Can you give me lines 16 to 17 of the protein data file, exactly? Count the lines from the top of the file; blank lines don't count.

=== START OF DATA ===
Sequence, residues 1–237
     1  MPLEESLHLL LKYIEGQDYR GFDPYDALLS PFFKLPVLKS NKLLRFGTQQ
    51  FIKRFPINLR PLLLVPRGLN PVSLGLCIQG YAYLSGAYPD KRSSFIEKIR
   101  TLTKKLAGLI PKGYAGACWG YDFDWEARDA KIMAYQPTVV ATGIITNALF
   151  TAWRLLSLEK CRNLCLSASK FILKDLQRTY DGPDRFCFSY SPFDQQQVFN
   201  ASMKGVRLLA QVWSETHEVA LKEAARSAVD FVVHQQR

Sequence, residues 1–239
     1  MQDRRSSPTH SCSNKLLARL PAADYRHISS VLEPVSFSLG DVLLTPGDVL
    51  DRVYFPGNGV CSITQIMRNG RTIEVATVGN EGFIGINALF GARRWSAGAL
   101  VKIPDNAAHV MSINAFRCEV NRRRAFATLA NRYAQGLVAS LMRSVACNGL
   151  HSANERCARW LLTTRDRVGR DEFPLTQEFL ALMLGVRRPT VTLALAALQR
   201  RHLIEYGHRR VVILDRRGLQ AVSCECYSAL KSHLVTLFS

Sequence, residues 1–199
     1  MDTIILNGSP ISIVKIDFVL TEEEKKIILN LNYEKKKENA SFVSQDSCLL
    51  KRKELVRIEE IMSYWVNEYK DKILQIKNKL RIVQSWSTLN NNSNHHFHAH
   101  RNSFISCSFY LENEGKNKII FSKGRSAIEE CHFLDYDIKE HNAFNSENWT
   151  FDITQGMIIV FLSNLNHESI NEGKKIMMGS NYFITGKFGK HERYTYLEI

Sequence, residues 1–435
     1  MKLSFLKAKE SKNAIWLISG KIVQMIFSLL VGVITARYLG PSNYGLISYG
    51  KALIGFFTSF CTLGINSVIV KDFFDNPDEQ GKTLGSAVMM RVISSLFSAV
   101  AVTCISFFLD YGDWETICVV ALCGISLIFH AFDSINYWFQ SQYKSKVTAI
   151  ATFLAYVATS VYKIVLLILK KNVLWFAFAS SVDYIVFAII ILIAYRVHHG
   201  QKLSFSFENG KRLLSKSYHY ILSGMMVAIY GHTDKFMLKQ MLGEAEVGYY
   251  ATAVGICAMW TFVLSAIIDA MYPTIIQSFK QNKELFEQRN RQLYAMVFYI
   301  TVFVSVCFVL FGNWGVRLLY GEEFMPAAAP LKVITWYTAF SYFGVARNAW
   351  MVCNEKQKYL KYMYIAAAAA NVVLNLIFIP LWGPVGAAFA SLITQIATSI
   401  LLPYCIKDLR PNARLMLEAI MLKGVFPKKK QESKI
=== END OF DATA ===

   101  RNSFISCSFY LENEGKNKII FSKGRSAIEE CHFLDYDIKE HNAFNSENWT
   151  FDITQGMIIV FLSNLNHESI NEGKKIMMGS NYFITGKFGK HERYTYLEI